Third, if God sharply afflicts His own people, and He surely does, then unbelievers must also consider their plight. They face a certain, fearful, terrifying expectation of judgment and the fury of a fire which will consume all God’s adversaries. It is indeed a fearful thing to fall into the hands of the living God (Hebrews 10:27,31). He will, without the slightest hesitation, render to every man according to his deeds (Romans 2:6), dealing out retribution to all who do not know God, to those who do not obey the gospel of the Lord Jesus. They will pay the penalty of eternal destruction, away from the presence of the Lord and from the glory of His power (2 Thess.1:8,9). Indeed, if you are still unsaved at this very moment, then you and every other hell bound sinner must “Prepare to meet God,” (Amos 4:12). Remember, it is appointed for men once to die, then comes the judgment (Hebrews 9:27).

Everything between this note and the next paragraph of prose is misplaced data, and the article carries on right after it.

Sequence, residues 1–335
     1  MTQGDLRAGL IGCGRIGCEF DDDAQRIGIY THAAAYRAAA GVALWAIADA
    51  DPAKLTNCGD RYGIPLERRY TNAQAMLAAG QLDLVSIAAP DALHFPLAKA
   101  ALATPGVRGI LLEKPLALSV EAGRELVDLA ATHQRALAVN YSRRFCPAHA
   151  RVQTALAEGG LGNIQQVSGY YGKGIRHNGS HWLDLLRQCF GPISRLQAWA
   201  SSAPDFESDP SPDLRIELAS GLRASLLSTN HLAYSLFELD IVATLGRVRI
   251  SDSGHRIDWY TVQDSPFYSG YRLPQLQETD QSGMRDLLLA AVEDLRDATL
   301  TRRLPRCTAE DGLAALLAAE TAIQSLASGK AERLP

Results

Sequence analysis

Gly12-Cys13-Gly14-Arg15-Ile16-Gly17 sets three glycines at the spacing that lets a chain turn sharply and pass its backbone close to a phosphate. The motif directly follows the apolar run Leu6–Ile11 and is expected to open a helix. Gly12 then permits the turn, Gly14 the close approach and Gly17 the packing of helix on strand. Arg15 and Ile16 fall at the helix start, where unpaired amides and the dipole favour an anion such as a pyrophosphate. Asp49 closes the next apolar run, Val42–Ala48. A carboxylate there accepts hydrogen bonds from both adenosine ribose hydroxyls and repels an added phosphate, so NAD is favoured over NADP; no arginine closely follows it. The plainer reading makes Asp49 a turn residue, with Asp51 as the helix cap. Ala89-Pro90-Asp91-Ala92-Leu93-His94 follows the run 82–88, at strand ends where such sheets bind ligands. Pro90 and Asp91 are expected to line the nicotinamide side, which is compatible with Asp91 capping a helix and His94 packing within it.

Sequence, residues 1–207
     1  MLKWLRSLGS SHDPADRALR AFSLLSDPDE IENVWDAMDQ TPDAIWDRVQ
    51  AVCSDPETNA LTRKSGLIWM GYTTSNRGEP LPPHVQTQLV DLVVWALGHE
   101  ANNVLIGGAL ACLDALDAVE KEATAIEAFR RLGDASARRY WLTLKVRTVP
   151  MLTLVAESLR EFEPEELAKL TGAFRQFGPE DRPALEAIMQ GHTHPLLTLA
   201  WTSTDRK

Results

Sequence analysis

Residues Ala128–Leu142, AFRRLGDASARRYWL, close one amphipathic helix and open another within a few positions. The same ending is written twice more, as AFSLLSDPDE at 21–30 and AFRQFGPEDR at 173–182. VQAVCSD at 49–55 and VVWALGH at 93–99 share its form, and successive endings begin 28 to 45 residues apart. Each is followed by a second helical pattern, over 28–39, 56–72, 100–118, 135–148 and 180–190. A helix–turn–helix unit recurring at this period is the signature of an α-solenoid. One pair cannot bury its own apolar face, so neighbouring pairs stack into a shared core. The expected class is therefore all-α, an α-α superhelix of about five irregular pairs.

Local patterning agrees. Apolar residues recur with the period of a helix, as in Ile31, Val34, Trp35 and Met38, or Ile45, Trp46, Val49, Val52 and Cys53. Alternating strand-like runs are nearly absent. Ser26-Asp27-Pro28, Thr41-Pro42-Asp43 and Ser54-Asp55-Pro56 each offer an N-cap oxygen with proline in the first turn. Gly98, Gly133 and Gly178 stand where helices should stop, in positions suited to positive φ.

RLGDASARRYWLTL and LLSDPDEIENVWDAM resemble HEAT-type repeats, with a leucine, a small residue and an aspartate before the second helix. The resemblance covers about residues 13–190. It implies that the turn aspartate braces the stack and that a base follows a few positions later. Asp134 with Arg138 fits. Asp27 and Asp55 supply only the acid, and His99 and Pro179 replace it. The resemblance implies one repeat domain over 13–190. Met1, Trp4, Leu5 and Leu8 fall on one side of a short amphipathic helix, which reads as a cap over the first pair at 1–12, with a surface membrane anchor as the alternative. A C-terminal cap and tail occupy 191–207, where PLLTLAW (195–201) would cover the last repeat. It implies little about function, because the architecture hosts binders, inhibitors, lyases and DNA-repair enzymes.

And fourth, open your eyes to the Biblical history of God’s people and surrounding nations. Has He not dealt with them justly and righteously? Jonah, in his hatred of the Ninevites, at first refused to go preach to them but was judged severely and then recanted his hardness of heart (Jonah 1:1-3). The prophet notes the boast of the wicked nations, that their molded silver has come from Tarshish, and their gold from Uphaz, the works of skillful craftsmen, but Yahweh is the true God, He is the living God and the everlasting King. The earth quakes at His wrath and the nations cannot endure His indignation (Jeremiah 10:9,10). Indeed, who can stand before the Lord in the day of His coming (Malachi 3:2)?

Affliction from the hand of God ought to make every last human being ask, “Am I ready to meet God?” Are you ready to meet Him? Are you warning others that they will stand before Him and give account of all their deeds done in the body, good or bad?